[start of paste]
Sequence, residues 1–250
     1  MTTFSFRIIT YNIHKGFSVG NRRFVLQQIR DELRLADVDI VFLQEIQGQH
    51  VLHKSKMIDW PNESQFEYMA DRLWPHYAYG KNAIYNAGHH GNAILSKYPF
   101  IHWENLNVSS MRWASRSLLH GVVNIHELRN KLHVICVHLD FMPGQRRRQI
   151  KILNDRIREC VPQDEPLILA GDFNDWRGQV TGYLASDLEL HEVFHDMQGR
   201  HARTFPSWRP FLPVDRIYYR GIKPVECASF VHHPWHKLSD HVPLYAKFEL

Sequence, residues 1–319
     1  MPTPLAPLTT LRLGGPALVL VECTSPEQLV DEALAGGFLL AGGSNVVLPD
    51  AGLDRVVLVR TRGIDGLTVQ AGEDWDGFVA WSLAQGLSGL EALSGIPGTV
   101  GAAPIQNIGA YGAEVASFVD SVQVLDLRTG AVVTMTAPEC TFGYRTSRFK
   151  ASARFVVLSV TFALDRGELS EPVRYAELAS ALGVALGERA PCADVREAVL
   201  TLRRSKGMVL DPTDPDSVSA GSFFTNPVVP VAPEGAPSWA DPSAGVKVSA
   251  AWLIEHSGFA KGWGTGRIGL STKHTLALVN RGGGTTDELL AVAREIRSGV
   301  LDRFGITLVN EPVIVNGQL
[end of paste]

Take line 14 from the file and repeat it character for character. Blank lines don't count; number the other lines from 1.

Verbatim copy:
   301  LDRFGITLVN EPVIVNGQL